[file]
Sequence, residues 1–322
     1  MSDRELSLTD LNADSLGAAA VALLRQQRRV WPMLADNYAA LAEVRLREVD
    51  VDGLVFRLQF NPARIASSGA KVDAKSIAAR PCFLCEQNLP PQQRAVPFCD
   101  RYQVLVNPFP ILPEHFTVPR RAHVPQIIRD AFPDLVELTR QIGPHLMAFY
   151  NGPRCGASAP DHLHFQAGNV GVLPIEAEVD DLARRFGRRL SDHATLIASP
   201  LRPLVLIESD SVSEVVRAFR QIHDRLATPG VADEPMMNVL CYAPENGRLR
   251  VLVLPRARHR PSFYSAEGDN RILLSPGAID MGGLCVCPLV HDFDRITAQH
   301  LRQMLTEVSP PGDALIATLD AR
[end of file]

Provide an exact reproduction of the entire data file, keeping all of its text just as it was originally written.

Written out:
Sequence, residues 1–322
     1  MSDRELSLTD LNADSLGAAA VALLRQQRRV WPMLADNYAA LAEVRLREVD
    51  VDGLVFRLQF NPARIASSGA KVDAKSIAAR PCFLCEQNLP PQQRAVPFCD
   101  RYQVLVNPFP ILPEHFTVPR RAHVPQIIRD AFPDLVELTR QIGPHLMAFY
   151  NGPRCGASAP DHLHFQAGNV GVLPIEAEVD DLARRFGRRL SDHATLIASP
   201  LRPLVLIESD SVSEVVRAFR QIHDRLATPG VADEPMMNVL CYAPENGRLR
   251  VLVLPRARHR PSFYSAEGDN RILLSPGAID MGGLCVCPLV HDFDRITAQH
   301  LRQMLTEVSP PGDALIATLD AR